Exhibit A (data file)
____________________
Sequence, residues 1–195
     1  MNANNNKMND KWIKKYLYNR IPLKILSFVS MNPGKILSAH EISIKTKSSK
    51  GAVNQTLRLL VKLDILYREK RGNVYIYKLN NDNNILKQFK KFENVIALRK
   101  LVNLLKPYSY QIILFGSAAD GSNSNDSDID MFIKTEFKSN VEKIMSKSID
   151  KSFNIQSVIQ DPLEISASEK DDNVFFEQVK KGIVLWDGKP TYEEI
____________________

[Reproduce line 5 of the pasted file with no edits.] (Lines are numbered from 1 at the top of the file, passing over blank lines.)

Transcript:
   151  KSFNIQSVIQ DPLEISASEK DDNVFFEQVK KGIVLWDGKP TYEEI